I have had lots of opinions building up over my one-week vacation, so I am going to attempt to get it all out in one bombastic blurt. Here goes!
Common Council races: We don’t do endorsements for Common Council, more due to logistics than anything else — the prospect of scheduling sitdowns with up to 18 or more people just makes my head hurt. So while voters will have to get by without benefit of specific editorial guidance (poor you, right?) some general points can be made. The primaries knocked the more, umm, vivid candidates out of the race, so while a pretty good bunch of picks await the electorate next Tuesday, the hopefuls have not really expressed a great deal of differing viewpoints about city affairs. Still, they uniformly seem to be well-meaning and willing to dedicate themselves to helping Kingston, so I am optimistic no matter who wins.
The giant Uptown mural: You know, as it was going up last month I thought to myself that there were some people who were not going to dig it, and those people have begun to express their discontent in the media and on Facebook. There is nothing more subjective than the appreciation of art — one viewer’s crap is another’s masterpiece, but it is impossible to deny that the mural was done skillfully by a talented painter. I personally think it’s really nice and an asset to Uptown. I wonder if it had been a giant mural of Thomas Chambers with a dozen boobs, the disgruntled would have liked it more. I also believe the building’s owner was within her rights (but apparently outside Landmark Commission rules) to paint the back end of it as she pleases. Property rights, like gun rights and free-speech rights, are not just for conservatives, y’know — perhaps people would be happier if they just thought of it as Kingston’s take on Notre Dame’s “Touchdown Jesus.” Further, the mural symbolizes, apart from what it’s meant to symbolize, the new vitality the arts community has brought into Uptown. The Stockade District’s history is important and will continue to be going forward, but it can’t be all that Uptown’s about. An eclectic, visually exciting neighborhood is good for the city, not a sign of its degeneration. Like the red goats before her, the Ephesian Artemis will become a symbol of the city to outsiders and not really noticed after a while by people who come here day in and day out.
They spy: Snowden’s NSA leakage is progressively making the U.S. look worse as each revelation seems to trump the last. Relations between us and the Germans, for instance, haven’t been this bad since May of 1945. Here at home, our congressman has thrown his support behind a legislative effort to rein in our admittedly impressive and pretty darn pervasive cyber-spying. I support that too, but I also reckon that we (and every other country) will continue to spy on whomever we can as well as we can for as long as we can. This puts the president in a tough spot: he either has to admit he knew about it all and look like a privacy-invading enabler of the National Security State, or deny he knew about it and look like an in-the-dark stooge of the National Security State. Maybe one day Snowden will leak out exactly what the president knew and when he knew it.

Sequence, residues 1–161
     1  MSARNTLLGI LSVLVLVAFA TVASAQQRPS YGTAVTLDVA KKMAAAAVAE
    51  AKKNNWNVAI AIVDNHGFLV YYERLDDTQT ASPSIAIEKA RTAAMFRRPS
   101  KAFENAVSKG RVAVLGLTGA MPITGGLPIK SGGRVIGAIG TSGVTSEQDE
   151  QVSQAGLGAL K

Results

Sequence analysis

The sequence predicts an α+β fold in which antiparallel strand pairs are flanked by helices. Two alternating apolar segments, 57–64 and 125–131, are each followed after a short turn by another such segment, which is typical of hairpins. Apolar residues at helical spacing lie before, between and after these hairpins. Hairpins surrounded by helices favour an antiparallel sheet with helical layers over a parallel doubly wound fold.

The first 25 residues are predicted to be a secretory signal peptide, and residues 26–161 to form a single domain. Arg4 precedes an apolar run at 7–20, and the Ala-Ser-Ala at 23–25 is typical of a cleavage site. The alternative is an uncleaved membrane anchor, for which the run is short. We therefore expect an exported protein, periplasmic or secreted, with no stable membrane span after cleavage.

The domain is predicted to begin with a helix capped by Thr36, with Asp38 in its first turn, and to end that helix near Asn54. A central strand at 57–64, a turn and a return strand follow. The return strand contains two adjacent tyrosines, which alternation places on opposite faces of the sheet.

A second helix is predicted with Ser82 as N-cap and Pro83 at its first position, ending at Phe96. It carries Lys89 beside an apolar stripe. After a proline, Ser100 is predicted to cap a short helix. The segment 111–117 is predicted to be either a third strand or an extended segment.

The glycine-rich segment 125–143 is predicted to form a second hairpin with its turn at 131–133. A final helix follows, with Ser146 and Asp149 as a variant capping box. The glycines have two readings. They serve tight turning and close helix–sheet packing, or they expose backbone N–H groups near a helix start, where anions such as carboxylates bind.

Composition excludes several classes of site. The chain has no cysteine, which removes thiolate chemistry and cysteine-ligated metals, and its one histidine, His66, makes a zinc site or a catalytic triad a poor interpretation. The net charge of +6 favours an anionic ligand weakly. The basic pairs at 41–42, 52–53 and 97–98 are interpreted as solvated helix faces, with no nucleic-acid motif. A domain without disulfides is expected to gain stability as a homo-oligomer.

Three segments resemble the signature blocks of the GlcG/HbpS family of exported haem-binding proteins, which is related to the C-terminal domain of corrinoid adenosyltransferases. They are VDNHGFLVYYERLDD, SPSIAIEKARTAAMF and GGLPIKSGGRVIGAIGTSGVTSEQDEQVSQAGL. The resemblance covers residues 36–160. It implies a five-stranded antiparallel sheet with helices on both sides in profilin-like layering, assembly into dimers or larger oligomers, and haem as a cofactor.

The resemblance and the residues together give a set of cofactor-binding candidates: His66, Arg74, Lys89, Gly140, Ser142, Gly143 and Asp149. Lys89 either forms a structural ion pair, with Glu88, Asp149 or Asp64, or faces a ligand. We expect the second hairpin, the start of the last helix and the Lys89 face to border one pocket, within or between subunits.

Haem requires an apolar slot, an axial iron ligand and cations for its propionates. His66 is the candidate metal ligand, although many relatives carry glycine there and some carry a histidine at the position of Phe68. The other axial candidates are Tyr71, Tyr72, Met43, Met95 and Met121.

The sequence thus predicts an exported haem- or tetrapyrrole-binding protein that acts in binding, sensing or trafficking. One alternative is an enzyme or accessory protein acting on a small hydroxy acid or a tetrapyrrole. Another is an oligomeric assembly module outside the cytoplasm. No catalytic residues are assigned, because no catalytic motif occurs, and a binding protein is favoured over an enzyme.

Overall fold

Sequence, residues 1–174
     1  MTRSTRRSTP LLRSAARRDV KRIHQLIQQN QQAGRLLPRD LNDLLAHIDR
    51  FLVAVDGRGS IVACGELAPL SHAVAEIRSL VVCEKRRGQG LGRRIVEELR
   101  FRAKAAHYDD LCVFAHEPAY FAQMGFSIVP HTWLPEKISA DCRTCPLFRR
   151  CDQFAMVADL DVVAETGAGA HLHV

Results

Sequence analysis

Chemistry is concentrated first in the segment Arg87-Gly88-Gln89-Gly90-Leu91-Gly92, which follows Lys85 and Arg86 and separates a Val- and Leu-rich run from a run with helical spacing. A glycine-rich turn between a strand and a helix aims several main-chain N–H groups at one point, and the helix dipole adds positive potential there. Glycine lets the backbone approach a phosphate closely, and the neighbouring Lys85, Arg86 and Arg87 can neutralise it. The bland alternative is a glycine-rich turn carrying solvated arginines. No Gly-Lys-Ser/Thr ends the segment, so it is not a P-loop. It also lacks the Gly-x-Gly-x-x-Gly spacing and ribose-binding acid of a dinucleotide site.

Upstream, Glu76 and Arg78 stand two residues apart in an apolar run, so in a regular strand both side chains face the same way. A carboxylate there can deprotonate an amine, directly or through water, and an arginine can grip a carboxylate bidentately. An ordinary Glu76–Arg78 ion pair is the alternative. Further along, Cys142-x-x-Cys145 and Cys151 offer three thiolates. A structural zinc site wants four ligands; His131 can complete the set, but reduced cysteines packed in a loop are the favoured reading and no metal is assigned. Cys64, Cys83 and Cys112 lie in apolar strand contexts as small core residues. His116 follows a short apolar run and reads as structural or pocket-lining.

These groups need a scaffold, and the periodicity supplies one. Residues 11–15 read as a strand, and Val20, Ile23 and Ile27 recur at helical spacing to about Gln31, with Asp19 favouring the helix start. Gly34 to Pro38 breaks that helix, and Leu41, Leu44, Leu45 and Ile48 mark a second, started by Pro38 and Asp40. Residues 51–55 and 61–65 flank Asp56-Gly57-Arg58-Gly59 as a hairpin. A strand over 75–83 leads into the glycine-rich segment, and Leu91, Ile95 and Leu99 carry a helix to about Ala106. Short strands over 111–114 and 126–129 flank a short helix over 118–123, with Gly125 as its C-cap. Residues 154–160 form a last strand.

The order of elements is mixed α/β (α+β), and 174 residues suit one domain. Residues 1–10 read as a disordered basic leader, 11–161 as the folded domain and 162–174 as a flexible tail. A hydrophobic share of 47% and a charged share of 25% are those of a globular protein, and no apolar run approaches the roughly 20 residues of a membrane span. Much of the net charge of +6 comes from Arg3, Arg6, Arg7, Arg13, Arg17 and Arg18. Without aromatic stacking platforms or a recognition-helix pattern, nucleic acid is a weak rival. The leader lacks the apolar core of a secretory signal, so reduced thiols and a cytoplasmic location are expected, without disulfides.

Obamacare: Speaking of which, maybe Snowden can also leak out how to fix the government’s $500 million healthcare website. I think everyone can calm down about it, though — sooner or later, the federal one will work and the New York one seems to be working fine. But will the Affordable Care Act itself work? That question may take years to answer as it attempts to get money from young and healthy people to pay for the massive amount of old and sick people we’re going to have on our hands starting about now. In the short term, though, I suspect the ACA (and along with it the entire Obama presidency) will rise or fall on how it affects the rates of those of us who get their insurance through our employers. If people end up having to pay about the same for the same or better coverage, that’s a win; paying less for the same or more would be the best, but c’mon, nothing ever works out that well with health insurance. If people have to pay more for less, even for a year or two, I wonder if it will be the start along a path that will end with the inauguration of President Chris Christie on Jan. 20, 2017.
Casino gambling: We have had in these pages a rather steady stream of anti-casino gambling opinions these past few months, and I agree with much of it — it’ll be damaging to those with a weakness for gambling and it will by no means be the boon for the state in terms of money that it’s being drummed up to be. Yes, some people will get very rich, or to be more precise, even richer than they already are, but our taxes will still go up at very likely the same rates as they have been. But, and this is a big but, there’s something to be said for allowing people to do what they want with their money, kinda like there’s something to be said for allowing people to do what they want with their bodies. I don’t see anything inherently immoral about casino gambling. Like any pursuit, if you indulge in it too much, there will be negative effects; when the potential negative societal effects of casino gambling are ticked off, they remind me of the arguments used to get Prohibition through in the 19-Teens. So, should the fact that something is bad for a small segment of the population be cause for abolishing it for the entire population? Hmm. Anyway, like many other people in the Empire State, there’s a good chance I will forget to flip the ballot over to vote on it, rendering the whole argument moot.